September 2011
Volume 11, Issue 11
Free
Vision Sciences Society Annual Meeting Abstract  |   September 2011
Six- to 12-month-old infants use emotional response, agent identity, and motion cues in associated learning of social events
Author Affiliations
  • Doris Hiu-Mei Chow
    Department of Psychology, The University of Hong Kong, Hong Kong
  • Geroldene Hoi-Tung Tsui
    Department of Psychology, The University of Hong Kong, Hong Kong
  • Chia-huei Tseng
    Department of Psychology, The University of Hong Kong, Hong Kong
Journal of Vision September 2011, Vol.11, 423. doi:10.1167/11.11.423
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      Doris Hiu-Mei Chow, Geroldene Hoi-Tung Tsui, Chia-huei Tseng; Six- to 12-month-old infants use emotional response, agent identity, and motion cues in associated learning of social events. Journal of Vision 2011;11(11):423. doi: 10.1167/11.11.423.

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      © ARVO (1962-2015); The Authors (2016-present)

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Abstract

Studies have demonstrated that infants as young as 3 months old can distinguish between events containing prosocial and anti-social implications in theater play (Hamlin et al., 2007, 2010). However, the way infants are able to do so is still not fully understood. Here we study the roles of emotional responses, agent identity, and motion in animated social interactions among 6-to-12-month-old infants.

Our Experiment 1 tested whether emotional response enhances infants' differentiation between characters in standardized prosocial and antisocial events. At the habituation stage, twenty-seven 6-to-12-month-old infants watched events depicting a climber being helped or hindered to climb up a hill by another character. These events evoked the climber's associated emotional expressions (laughing after being helped or crying after being hindered). In the test stage, the infants viewed two test events with new contexts – the laughing (or crying) climber approached the character who had previously either helped him climb up (consistent with the habituation), or hindered him (inconsistent with habituation). Infants looked significantly longer at the consistent condition, demonstrating that they associated differential emotional responses to the social events, and could apply this knowledge to new contexts.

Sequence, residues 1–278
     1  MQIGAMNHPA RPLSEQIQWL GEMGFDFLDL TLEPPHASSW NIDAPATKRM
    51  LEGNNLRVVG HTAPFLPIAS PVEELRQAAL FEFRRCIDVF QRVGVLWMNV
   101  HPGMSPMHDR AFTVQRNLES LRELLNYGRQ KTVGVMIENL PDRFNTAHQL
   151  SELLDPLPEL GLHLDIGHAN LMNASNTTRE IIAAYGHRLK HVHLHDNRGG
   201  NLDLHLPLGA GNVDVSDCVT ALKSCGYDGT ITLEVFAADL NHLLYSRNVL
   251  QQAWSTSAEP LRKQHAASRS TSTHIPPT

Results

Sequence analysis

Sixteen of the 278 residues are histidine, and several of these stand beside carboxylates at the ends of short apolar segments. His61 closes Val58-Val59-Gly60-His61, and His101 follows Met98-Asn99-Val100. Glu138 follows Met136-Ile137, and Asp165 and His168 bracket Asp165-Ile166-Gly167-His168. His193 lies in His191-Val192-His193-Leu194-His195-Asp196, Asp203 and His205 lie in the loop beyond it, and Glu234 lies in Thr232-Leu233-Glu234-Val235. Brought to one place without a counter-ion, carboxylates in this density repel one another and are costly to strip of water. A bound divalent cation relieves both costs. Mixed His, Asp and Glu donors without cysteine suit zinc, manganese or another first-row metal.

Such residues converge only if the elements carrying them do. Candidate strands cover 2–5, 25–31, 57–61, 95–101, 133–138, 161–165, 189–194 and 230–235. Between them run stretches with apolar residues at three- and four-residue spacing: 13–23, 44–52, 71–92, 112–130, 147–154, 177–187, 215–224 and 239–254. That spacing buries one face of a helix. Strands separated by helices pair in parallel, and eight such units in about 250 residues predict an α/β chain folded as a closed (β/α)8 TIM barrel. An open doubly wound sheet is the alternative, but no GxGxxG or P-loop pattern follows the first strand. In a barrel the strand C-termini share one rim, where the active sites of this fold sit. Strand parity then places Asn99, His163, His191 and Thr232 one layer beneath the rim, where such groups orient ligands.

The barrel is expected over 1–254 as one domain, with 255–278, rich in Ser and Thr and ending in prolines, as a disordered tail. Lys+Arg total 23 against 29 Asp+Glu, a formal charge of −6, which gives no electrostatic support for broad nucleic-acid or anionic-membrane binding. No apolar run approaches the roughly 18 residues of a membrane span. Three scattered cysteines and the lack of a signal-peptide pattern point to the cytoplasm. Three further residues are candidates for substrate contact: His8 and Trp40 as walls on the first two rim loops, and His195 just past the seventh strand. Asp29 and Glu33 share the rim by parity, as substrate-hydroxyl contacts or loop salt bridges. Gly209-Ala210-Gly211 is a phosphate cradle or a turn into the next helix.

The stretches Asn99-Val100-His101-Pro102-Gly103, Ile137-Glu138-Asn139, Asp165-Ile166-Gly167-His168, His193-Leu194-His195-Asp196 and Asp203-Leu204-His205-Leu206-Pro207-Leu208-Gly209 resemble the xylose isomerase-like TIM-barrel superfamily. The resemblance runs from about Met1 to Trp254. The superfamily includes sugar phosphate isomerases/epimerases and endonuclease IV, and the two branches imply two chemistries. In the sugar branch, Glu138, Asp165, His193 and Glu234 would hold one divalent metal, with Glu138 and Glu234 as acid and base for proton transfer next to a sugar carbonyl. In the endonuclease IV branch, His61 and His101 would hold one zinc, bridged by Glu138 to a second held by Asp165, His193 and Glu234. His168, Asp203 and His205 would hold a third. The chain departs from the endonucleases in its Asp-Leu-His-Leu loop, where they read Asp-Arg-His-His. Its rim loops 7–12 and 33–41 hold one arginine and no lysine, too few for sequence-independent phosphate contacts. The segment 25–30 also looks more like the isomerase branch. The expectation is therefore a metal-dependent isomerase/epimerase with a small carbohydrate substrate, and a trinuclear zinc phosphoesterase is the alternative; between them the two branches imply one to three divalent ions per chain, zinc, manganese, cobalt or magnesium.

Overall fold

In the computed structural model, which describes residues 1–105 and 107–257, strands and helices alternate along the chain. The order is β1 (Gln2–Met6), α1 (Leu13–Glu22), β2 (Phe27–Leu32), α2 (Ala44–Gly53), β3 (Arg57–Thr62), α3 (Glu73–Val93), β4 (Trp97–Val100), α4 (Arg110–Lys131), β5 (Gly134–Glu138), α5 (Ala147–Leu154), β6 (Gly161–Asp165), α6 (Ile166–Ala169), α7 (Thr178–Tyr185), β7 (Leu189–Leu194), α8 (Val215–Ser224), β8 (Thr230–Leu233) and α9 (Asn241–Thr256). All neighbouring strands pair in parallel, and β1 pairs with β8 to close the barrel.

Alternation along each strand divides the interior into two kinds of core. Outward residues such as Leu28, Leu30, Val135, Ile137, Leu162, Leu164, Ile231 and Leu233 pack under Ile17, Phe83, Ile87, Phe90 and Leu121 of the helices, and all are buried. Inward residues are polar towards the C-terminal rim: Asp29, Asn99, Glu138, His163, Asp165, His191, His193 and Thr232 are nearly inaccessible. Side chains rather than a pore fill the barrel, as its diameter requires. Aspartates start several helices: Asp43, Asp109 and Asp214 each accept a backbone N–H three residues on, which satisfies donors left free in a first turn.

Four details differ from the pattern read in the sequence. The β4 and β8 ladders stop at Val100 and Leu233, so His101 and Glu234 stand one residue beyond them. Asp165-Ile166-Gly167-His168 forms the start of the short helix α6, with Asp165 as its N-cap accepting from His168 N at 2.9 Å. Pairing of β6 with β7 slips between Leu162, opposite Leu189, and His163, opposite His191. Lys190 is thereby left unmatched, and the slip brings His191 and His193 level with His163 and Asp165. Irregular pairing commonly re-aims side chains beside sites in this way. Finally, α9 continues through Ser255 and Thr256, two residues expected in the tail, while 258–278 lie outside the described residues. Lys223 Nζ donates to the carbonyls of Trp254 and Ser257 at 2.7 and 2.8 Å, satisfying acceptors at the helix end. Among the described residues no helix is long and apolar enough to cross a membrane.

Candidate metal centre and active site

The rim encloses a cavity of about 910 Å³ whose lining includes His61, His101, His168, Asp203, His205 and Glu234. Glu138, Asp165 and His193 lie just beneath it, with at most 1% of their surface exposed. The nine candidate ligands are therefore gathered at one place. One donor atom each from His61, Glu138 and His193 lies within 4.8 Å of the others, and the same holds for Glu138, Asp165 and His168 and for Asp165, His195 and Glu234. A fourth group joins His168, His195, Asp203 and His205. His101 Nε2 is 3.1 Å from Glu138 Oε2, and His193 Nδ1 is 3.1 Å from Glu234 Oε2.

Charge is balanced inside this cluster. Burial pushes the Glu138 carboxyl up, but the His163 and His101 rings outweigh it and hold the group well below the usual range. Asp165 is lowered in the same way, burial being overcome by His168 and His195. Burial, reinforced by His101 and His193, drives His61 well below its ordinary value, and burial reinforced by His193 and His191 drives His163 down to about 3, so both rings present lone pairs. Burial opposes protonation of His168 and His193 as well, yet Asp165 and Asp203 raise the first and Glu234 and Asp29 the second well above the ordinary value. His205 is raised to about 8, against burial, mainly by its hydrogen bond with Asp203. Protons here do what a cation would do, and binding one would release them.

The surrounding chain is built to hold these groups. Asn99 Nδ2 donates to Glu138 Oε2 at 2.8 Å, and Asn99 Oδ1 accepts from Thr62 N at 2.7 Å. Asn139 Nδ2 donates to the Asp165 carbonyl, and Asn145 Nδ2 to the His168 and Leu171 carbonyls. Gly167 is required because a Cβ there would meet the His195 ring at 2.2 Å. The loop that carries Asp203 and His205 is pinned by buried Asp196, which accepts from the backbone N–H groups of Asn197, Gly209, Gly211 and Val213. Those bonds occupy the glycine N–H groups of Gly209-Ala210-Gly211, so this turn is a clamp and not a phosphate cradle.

Experiment 2 was conducted to determine what association was learned. Infants might have used the character (who) or the action (what) or the combination of both (who did what) to distinguish events in Experiment 1. We habituated twenty-eight 10-to-12-month-old infants with the same helping/hindering events. Afterwards, novel events defined by: (1) a new character, or (2) a new motion direction, or (3) a new character with a new motion are presented in the test stage. The looking time significantly recovered from the last habituation trial in all three conditions.

Our results suggest that emotional responses enhance infants' associated learning in social context, and both agent identity and motion direction are acquired during learning.

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